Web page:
Posts tagged design
The Official Santa Brand Guide
X … Excellence
M … Measurability
A … Accountability
S … Snow
Excellence in child centric gift distribution.
Some say Santa is due for a refresh.
(via Santa brand book)
In advertising, the best way to sell in a concept has always been to show it. Create a storyboard. Do a sketch.
But today, some of the biggest ideas are digital, and to effectively convey them, traditional prototyping tools fall short.
So creatives have had to get a lot more, well, creative.
…beautiful visual design is only part of the battle.
What’s more interesting, from a design solution standpoint, is the design thinking and making that subsequently happened.
And that design thinking includes the constraints, requirements, hurdles, and other barriers to design. The making includes the actual building of the product…was it actually built and did people actually adopt it?
It’s one thing to imagine a beautiful interface in Photoshop: it’s another to build it and get people to use it.
I think the future of sharing design work will be more about story and less about visuals.
I, _________________, hereby swear to abandon all fear; to question everything; to trust in myself; to honor those before me as I excel, and to support those who follow as they ascend. I swear that I will never accept another’s standard for success, as I set mine one measure higher. When I am finished, no one will ever fucking look at _________________ the same way again.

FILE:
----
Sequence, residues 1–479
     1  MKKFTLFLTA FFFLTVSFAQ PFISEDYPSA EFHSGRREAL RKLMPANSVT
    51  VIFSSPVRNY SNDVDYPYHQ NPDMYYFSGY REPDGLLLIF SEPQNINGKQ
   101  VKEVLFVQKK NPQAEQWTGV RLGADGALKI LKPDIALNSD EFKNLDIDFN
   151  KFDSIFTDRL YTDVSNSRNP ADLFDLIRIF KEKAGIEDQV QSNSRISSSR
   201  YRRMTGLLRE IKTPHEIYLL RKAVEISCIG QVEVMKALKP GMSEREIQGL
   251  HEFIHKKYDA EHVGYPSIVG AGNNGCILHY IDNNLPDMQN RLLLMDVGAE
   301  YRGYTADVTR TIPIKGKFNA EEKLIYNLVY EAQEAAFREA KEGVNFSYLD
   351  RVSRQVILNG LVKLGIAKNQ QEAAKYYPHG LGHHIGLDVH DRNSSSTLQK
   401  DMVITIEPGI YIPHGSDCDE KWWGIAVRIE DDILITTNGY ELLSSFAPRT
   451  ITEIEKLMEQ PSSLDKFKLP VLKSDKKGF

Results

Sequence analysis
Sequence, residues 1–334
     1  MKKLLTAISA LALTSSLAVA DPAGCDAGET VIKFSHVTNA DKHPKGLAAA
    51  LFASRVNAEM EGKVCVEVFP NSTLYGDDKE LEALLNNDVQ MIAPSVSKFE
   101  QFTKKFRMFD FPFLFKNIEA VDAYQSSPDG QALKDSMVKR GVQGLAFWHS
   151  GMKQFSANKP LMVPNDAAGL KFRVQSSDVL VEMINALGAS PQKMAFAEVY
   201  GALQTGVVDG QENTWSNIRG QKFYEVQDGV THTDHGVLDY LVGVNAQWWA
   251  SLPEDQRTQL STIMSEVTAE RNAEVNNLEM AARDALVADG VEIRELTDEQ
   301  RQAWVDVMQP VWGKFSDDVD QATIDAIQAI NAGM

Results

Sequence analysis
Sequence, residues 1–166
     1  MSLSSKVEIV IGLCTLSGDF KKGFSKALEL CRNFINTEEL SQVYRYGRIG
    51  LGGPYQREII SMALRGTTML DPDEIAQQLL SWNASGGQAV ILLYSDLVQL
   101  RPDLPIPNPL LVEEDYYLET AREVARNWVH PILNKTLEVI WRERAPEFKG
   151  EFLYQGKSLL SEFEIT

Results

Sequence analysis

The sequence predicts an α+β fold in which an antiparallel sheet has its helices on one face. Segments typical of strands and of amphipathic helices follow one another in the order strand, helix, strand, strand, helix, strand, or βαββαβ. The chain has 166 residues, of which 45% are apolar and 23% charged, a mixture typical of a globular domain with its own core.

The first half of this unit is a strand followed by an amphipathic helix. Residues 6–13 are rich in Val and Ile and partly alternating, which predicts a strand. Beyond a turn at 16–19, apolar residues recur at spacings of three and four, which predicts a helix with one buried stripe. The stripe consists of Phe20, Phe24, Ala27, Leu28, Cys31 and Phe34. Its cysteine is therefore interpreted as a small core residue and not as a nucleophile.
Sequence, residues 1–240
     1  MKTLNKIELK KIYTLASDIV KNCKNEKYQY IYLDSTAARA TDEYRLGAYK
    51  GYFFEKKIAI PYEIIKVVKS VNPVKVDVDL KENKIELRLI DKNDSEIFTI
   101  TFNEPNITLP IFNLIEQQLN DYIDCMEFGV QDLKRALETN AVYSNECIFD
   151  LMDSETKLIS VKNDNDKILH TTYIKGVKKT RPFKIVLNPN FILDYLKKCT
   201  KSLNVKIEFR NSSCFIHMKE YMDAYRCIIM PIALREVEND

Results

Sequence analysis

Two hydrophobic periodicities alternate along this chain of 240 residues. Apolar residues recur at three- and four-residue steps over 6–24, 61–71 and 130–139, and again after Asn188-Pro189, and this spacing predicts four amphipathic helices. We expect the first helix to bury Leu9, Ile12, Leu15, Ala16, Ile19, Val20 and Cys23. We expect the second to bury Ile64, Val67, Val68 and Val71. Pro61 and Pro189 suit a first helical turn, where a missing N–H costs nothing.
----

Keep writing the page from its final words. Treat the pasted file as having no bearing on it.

Tokyo Arteria A 3D Model of Tokyo’s Underground Metro System
Tokyo’s subway system is arguably one of the most complex in the world. The map itself can be an immediate turn-off for any unfamiliarized straphangar.
But exactly how do all these lines run underground, overlapping as they carry hundreds of thousands of passengers each day?
Tokyo University graduate student Takatsugu Kuriyama decided to answer that question be recreating an accurate three-dimensional model of Tokyo’s lifeline by using multi-colored tubes strung with wire.
Different color liquids pulsate throughout all 18 lines, creating a staggering picture of what goes on below the streets of Tokyo every day.
Matt Groenig’s artwork for Apple. Circa 1989.
For anyone unfamiliar, Apple hired Groening to produce illustrations for a brochure about Macs that was aimed at college students.
At the time, Groening was best known as the artist of the comic Life in Hell, as The Simpsons has not yet premiered.
The brochure was titled, ‘Who Needs a Computer Anyway’ and interspersed Groening’s Life in Hell style illustrations with standard information on Apple’s Mac computers.
It apparently was distributed amongst college bookstores and was obviously trying to use Groening’s cachet as an underground comic artist to attract hip, young co-eds.
Infographic: Jonathan Ives’ T-shirts Point The Way Forward
Poring over footage from Apple’s iPhone 5 announcement, pundits see a link between Apple’s elongated iPhone 5 form factor and lead Apple designer Jonathan Ives’ trendy neckline. Analysts correlate the link between current v-neck trends and what might ahempoint toward Apple’s future for the iPhone.
When asked about whether skinny jeans indicate the impetus behind the rumored iPad Mini, Sir Ives had no comment.